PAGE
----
Insurance invasion

Back in the late 1990s, it looked liked segregated (“seg”) funds were the wave of the wealth management future. After all, they had some huge advantages over conventional mutual funds such as creditor-proofing, guarantees of principal, and exemption from the foreign content rule, which was still in force.

Insurance companies, the only ones legally permitted to offer seg funds, aggressively promoted their superior features. Manulife Financial took the marketing lead with its GIF brand and other companies followed, particularly Great-West Life, London Life, Transamerica, Maritime Life, Empire Life, and Industrial Alliance. Investors started to pay attention. Tens of millions of dollars that would normally have flowed into mutual funds went instead to seg funds.

In defence, many major mutual fund companies entered into alliances with insurance firms to offer co-branded products through their own distribution networks. At one point, the president of a fast-growing mutual fund company confidently predicted that seg funds would account for 25% of the total market within a decade.

But the insurers overreached themsves. Spurred by investor demand, some companies began offering ultra-aggressive funds with 100% capital protection. Entering 2000, people could buy guaranteed seg funds based on the Tokyo Nikkei, Nasdaq, emerging markets, and Pacific Rim stocks. Normally volatile securities suddenly had the risk element stripped away.

Investors loved it. Insurance regulators hated it. They felt some companies were assuming potential liabilities that might endanger their financial structure if stock markets collapsed and they were forced to pay off on those guarantees. New regulations were brought in, requiring much higher reserves to be maintained.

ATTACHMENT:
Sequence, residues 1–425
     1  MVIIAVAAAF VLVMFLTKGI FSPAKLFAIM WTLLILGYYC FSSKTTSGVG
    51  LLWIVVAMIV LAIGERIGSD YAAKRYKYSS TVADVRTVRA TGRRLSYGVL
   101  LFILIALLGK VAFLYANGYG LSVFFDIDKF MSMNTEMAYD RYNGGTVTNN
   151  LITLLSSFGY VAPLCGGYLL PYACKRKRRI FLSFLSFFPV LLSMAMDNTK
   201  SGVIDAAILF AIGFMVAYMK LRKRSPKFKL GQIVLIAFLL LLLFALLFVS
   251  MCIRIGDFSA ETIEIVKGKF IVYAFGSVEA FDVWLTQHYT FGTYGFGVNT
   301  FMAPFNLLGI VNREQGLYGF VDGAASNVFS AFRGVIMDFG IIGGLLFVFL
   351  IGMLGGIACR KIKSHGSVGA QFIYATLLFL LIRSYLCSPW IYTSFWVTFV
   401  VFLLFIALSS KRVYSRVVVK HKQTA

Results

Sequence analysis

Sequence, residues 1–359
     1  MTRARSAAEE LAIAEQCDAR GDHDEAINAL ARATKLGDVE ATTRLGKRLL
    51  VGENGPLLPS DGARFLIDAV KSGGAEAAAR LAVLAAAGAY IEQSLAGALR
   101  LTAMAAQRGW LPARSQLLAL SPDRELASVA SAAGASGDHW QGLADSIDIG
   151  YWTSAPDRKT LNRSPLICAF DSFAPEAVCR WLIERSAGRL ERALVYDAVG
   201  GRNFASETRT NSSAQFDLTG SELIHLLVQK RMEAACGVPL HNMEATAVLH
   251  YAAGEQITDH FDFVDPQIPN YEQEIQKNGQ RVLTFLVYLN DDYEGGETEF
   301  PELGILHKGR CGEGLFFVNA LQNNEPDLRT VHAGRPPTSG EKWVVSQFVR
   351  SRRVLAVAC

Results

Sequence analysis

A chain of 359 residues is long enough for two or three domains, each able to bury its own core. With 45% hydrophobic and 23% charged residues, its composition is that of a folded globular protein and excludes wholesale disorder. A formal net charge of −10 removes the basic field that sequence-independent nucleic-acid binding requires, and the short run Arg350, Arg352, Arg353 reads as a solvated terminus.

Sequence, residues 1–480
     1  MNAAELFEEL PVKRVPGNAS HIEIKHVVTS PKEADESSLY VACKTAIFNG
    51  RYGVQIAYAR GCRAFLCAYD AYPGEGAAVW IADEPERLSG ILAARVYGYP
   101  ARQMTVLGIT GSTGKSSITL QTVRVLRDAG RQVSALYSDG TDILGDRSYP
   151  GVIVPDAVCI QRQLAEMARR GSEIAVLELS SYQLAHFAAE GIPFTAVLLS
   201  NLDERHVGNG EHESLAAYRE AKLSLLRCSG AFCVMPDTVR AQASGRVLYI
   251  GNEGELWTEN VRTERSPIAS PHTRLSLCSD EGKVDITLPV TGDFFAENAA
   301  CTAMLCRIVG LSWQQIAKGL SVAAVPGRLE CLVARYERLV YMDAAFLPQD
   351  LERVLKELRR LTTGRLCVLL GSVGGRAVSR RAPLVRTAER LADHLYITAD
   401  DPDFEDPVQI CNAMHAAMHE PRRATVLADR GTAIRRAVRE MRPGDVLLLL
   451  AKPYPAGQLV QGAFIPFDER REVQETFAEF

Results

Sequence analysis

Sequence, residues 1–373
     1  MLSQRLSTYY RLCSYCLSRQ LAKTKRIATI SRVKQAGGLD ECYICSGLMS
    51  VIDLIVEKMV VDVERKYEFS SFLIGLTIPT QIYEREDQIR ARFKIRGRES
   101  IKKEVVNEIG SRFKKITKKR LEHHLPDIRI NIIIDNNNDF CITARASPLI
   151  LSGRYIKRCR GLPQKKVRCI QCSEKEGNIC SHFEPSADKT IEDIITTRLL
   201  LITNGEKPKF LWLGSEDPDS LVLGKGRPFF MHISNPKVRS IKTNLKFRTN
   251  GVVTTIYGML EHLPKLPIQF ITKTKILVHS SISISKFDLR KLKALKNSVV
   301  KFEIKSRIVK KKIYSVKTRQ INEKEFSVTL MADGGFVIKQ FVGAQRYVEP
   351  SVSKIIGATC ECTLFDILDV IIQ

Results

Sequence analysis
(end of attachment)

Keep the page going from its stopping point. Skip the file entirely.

The insurers were caught between a rock and a hard place. They had to either cut their guarantees or raise their fees, or implement a combination of both. Most did the latter and the high-risk funds were withdrawn from public sale. The seg fund business went into a dive. As demand dried up, many mutual fund companies closed down their seg fund lines and returned to their core business.

Seg funds still can play a useful role in certain situations but they are unlikely to ever again be a strong market force. The costs are simply too high. In some cases, the management expense ratio (MER) approaches 6 per cent. That’s far too high to be competitive with a traditional mutual fund.

So what’s happening? Instead of retreating into a shell, some of the big insurance companies have decided to take on the mutual fund firms on their own turf. They’re launching fund lines of their own and, in some cases, throwing money around to grow by acquisition.

Leading the charge is Quebec-based Industrial Alliance (IA). No one thought much of it when the insurer set up a mutual funds subsidiary a few years ago to run a small family of funds it had acquired from Co-operators. Even when IA bought the R (for Rothschild) funds which are sold mainly through Laurentian Bank in 2004, it hardly raised an eyebrow. But everyone took notice in December when IA outbid CI Investments for control of Clarington Funds. In one stunning move, tiny IA Fund Management more than tripled its assets, to $5.7 billion, and vaulted all the way to number 20 in size among the member companies of the Investment Funds Institute of Canada.

IA is now in the process of digesting the acquisition. IA Fund Management president David Scandiffio says the new company, which he will head, will be created by June. It will carry the name IA Clarington and will retain three separate brand lines for now: IA, R, and Clarington, with the latter the primary brand. Full integration between all three lines, which will allow investors to switch freely between them, should be completed by July.

Other insurance companies that have established a foothold in the mutual funds business include Standard Life, Hartford Insurance, and Sun Life, which owns one-third of CI Investments. It’s a classic case of it you can’t beat ‘em, join ‘em.

Adapted from an article that originally appeared in Mutual Funds Update, a monthly newsletter that provides advice on fund selection and strategies. For subscription information: